Did you cover Tokyo Design Week, a very important international event this autumn? Have you covered the pecha kucha phenomenon? Are these visual culture events less important than noting the resemblance between Shinzo Abe and Tom Conti? What I'm saying is that your blog, your photo and your employer -- and yes, my prejudices about them -- suggest to me that you have some important blind spots regarding Tokyo. I do too -- vast ones. I don't even speak Japanese competently, and I'm as uninterested in party politics as... well, as most Japanese people I know are.


ReplyThread Parent

(Anonymous)
Wed, Dec. 20th, 2006 01:33 pm (UTC)
More from the Fusty One (RLP)

Words like "empirical detail", "standard Anglo-Saxon emphasis" and "cannily intuitive" do not excuse you here. You rushed to conclusions about me based on one book review, a five minute trawl of my blog, and - it turns out - my byline photograph. Your surprise that I read Click opera rather gives you away - would you have written what you did if you had known in advance that I would see it? I'm not demanding apologies, but they wouldn't be out of place.

You know nothing about how I "respond to the textural, emotional, intuitive and even sexual aspects" of Japan, because you don't know me or my work. Pondering my little photograph doesn't make up for this.

I didn't "dismiss" Donald Richie. I wrote a 5,000 word essay on his life and work. What is all this about "textual" motives and "sexual" ones? What gives you the impression that I suspect one and glorify the other? I sound tetchy, because your sloppiness smakes me impatient - but I would genuinely like to know the answer.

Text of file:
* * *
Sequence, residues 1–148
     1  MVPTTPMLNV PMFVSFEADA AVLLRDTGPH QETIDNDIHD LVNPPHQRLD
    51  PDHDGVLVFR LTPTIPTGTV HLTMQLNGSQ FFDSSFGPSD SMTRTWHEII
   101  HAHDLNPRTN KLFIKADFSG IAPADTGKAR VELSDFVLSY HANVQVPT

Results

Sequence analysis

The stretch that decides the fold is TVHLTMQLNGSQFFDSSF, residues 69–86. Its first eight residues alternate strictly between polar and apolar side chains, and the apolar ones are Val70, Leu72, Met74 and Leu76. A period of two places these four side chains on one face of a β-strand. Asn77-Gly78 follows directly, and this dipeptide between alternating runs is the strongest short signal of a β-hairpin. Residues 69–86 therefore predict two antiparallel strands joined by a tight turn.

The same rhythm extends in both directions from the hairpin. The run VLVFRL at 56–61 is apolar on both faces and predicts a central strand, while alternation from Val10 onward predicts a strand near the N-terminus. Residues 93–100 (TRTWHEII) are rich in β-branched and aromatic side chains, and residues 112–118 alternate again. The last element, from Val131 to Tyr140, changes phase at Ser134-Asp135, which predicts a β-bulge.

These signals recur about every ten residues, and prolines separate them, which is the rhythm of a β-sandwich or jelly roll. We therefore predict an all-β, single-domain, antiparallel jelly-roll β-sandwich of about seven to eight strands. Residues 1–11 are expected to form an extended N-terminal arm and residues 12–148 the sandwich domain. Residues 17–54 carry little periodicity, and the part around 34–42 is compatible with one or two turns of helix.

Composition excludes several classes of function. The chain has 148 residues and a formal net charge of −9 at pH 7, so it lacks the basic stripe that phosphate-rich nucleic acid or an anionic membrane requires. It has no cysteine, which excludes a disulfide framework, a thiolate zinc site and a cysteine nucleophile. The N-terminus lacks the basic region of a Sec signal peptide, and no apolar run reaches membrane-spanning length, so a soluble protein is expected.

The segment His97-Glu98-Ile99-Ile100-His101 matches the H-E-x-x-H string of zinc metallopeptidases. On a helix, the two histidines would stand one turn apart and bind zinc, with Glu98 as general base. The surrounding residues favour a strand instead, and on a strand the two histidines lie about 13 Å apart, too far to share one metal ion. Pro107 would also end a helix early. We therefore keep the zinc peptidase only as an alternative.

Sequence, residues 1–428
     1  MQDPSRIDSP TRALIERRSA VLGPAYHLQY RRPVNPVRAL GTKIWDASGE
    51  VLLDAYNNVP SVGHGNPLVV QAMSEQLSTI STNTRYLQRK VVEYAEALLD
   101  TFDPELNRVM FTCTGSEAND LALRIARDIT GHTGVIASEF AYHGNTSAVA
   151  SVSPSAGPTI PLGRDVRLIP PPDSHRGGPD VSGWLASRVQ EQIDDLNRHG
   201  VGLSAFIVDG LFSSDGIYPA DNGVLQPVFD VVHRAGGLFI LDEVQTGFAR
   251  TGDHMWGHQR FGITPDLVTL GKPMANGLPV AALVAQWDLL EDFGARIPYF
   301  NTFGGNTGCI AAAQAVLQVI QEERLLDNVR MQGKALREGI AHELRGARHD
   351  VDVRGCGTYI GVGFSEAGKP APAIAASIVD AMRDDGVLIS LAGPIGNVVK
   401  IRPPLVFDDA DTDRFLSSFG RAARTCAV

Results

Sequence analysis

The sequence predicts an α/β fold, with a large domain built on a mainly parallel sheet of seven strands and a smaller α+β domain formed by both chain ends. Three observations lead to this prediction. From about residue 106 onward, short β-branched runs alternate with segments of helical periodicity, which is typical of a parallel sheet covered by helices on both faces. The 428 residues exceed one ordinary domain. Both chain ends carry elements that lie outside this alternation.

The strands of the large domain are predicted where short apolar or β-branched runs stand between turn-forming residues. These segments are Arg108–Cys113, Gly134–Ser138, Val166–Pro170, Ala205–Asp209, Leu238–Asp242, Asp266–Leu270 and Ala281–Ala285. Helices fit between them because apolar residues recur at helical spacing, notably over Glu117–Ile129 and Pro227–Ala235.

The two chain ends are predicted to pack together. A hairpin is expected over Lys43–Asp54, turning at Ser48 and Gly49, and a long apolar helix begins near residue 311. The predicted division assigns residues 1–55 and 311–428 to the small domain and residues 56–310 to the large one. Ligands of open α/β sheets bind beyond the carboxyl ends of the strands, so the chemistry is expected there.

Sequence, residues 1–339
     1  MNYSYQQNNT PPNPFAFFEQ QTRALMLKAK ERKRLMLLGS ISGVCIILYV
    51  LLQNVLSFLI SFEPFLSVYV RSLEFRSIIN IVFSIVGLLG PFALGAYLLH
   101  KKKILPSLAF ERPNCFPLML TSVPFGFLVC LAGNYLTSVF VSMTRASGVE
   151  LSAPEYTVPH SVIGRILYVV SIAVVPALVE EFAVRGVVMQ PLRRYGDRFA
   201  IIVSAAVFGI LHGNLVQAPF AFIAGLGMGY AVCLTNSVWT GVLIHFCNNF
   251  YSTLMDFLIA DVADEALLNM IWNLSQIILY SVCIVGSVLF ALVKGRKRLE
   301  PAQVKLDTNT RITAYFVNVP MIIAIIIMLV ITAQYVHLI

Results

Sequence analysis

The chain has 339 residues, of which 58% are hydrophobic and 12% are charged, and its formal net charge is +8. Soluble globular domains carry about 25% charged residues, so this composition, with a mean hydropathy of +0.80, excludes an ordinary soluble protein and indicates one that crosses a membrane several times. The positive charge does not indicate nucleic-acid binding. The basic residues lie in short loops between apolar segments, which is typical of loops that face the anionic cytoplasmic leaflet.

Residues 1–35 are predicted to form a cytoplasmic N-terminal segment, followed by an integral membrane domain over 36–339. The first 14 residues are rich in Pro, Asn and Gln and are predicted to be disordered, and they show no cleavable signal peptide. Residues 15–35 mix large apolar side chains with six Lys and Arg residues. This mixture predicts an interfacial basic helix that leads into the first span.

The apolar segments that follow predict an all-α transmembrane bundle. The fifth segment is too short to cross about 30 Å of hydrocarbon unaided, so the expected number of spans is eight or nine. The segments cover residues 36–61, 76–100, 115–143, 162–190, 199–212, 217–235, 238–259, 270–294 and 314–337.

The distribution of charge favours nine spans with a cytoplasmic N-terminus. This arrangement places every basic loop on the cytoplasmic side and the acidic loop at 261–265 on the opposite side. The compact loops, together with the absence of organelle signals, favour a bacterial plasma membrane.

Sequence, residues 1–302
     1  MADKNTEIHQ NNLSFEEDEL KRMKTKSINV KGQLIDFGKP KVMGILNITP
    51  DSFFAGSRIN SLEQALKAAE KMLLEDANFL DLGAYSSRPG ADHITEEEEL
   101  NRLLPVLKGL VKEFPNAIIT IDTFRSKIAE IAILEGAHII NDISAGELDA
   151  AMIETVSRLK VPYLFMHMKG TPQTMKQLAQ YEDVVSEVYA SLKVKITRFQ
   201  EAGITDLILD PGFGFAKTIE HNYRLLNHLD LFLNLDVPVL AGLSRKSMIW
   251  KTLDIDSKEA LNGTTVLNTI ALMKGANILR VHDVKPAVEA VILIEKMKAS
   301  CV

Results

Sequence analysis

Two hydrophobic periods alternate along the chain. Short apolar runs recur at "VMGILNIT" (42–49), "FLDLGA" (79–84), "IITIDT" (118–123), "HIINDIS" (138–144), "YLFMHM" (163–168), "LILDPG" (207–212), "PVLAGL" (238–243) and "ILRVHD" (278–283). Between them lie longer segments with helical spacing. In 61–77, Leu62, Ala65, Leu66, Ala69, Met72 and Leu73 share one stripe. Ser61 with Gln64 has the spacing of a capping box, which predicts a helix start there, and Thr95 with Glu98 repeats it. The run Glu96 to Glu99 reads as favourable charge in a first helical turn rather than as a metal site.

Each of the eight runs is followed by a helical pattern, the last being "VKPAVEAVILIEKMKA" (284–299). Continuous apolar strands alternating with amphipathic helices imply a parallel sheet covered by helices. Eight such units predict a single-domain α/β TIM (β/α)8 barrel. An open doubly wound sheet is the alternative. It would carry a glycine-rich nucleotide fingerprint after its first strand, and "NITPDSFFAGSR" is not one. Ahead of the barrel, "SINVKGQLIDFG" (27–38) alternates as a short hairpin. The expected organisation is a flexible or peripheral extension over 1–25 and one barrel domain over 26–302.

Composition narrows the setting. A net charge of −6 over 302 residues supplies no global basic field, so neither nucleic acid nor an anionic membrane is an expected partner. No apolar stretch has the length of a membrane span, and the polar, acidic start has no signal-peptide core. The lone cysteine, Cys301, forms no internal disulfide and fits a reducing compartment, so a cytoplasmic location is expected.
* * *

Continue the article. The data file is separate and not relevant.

I didn't cover Tokyo Design Week - because it's not my job. I'm a foreign correpsondent for the international pages of a general, daily newspaper. My partner, also a journalist (she works for Wallpaper) wrote at length about Design Week - although she neglected the election of prime minister Abe, the coup in Thailand, and the North Korean nuclear test. Is any of this really surprising?

No, none of these "culture events" are more or less important than one another. Really, this is is too obvious to be worth pointing out. But please take it from me - there are plenty of Japanese people passionate about politics, whether you know them or not. Let's agree that (being human) we both have blind spots. (Isn't this just a way of saying that we are interested in dfferent things?) I'm happy to let yours go, as long as you refrain from showering me with epithets when I express my own.


ReplyThread Parent
imomus
imomus
imomus
Wed, Dec. 20th, 2006 02:20 pm (UTC)
Re: More from the Fusty One (RLP)

Well, I will apologize if you like, Richard. I'm growing up in public here; I listened to a BBC radio programme you were on and have to say I admire your bravery in visiting the various war-zones you've been to, and written about. Also, I liked the "culturalist" way you were describing the impression, for instance, the Borneo jungles left on you. Your take was highly "textural", in fact.

My worldview is basically an aesthete's, and to that extent I'm probably closer, culturally, to your partner, who did write about Design Week. I'm glad one of you is covering this stuff, anyway, because, in a society at peace rather than one in the throes of a civil war, it's important and, I think, central.


ReplyThread Parent
imomus
imomus
imomus
Wed, Dec. 20th, 2006 04:34 pm (UTC)
Re: More from the Fusty One (RLP)

And, having read Smilingly Excluded again, I will say I think it's a terrific piece of writing. The binary I remembered between Tokyo's intellectual provincialism and Richie's sexual exploits is really only hinted at in the final sentence:

"In 150 years, foreigners in Japan have produced important works of history, political science, anthropology and journalism, but no lasting work of literature. Perhaps Donald Richie shows us why."


ReplyThread Parent